These are the standards that should be used for your performance management.
These are the standards that you are assessed against for your performance management. Below is a ‘GOVERNMENT’ not local, overview of the standards.
This guidance is for:
- school leaders
- school staff
- governing bodies
The standards themselves (part 1 and part 2) have statutory force (under regulation 6(8)(a) of the Education (School Teachers’ Appraisal) (England) Regulations 2012).
They are issued by law; you must follow them unless there’s a good reason not to. They define the minimum level of practice for trainees and teachers to achieve qualified teacher status.
You can also use them to assess the performance of all teachers with qualified teacher status who are subject to The Education (School Teachers’ Appraisal) (England) Regulations 2012.
The standards replace the ‘standards for qualified teacher status’ and the ‘core professional standards’, previously published by the former Training and Development Agency for Schools.
Terms and Conditions, your contract.
Do I have to prove I can achieve more standards than those on the lists?
Often, additional standards are created but in terms of attaining performance in relation to support action plans and capability procedures , these can be used to prove you are working at the expected standard for a teacher. Often an outside adviser, group, company will inform leaders they need to include more, this is not correct.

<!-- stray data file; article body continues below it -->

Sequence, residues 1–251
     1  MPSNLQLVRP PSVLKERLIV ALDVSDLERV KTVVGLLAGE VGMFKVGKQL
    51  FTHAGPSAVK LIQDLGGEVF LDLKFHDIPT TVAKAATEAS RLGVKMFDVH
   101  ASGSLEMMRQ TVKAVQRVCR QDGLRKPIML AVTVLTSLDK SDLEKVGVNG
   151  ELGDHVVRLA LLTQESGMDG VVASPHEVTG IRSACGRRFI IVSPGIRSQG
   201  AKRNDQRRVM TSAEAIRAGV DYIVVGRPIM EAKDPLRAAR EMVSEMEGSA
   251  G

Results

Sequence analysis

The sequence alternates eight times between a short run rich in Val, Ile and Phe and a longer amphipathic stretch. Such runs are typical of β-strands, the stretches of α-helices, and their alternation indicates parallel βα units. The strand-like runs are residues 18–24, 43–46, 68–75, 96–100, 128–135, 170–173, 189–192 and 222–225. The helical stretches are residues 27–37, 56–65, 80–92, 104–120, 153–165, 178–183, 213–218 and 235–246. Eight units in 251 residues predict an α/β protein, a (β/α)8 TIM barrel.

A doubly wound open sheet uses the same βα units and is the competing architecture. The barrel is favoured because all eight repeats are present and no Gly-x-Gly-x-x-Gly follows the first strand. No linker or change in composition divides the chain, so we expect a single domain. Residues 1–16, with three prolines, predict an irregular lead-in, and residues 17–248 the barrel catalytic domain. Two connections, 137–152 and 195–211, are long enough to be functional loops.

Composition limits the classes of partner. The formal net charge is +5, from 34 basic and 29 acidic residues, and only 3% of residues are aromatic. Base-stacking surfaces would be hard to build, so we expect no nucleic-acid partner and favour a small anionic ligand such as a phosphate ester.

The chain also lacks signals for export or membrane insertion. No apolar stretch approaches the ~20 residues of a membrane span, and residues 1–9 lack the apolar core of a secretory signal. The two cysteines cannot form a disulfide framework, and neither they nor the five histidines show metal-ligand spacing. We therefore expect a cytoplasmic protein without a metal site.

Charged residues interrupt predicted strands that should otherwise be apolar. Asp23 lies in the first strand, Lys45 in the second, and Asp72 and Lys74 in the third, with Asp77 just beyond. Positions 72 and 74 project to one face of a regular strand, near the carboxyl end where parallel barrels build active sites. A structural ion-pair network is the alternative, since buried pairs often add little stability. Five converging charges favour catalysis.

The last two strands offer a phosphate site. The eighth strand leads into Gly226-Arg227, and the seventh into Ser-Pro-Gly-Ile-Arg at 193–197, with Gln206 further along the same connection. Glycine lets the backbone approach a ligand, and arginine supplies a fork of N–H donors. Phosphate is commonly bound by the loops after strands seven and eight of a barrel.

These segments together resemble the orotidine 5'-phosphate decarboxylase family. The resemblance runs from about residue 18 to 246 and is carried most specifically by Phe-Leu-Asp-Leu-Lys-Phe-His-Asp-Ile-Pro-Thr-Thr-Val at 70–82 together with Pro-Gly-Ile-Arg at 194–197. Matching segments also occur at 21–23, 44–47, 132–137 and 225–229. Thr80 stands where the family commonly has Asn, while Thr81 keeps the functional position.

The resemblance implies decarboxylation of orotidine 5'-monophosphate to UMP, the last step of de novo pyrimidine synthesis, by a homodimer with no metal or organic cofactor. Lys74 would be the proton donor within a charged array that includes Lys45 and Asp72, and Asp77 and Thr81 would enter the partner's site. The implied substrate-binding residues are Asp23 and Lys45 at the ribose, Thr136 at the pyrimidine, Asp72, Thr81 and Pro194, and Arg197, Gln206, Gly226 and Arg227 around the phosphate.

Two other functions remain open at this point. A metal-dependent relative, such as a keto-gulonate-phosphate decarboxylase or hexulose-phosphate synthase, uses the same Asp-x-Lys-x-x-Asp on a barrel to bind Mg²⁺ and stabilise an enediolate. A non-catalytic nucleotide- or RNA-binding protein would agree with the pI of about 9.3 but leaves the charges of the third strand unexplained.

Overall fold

In the guidance, it also clearly states that these must not be used as a tick box exercise, but the aim is to look for the overall majority. Sadly, this is often not the case.
Moving onto the post-threshold (upper) pay scale
Qualified teaches can apply to be paid according to the post-threshold pay scale once a year. However, progression on the upper pay scale is performance based and governing bodies make the decisions on progression, based on the school’s pay policy and whether teachers meet the following government criteria:
- “the teacher is highly competent in all elements of the relevant standards”
- “the teacher’s achievements and contribution to an educational setting or settings are substantial and sustained”
Teachers on the upper pay scale receive the usual salary rise when the pay scales are up-rated. Teachers don’t normally move through the upper pay scale more frequently than every two years.
What about NQT and early career teachers?
An NQT would be expected to have fewer examples of completing the standards or perhaps not all of them achieved. Remember, it is a best fit model. The objectives that have limited evidence should then form part of your performance management targets as part of a normal cycle of improvement and this should not be used super micro management but used as a tool to develop future effective leaders themselves.
How should the standards be used?
Click on the link below to see the Government’s recommendation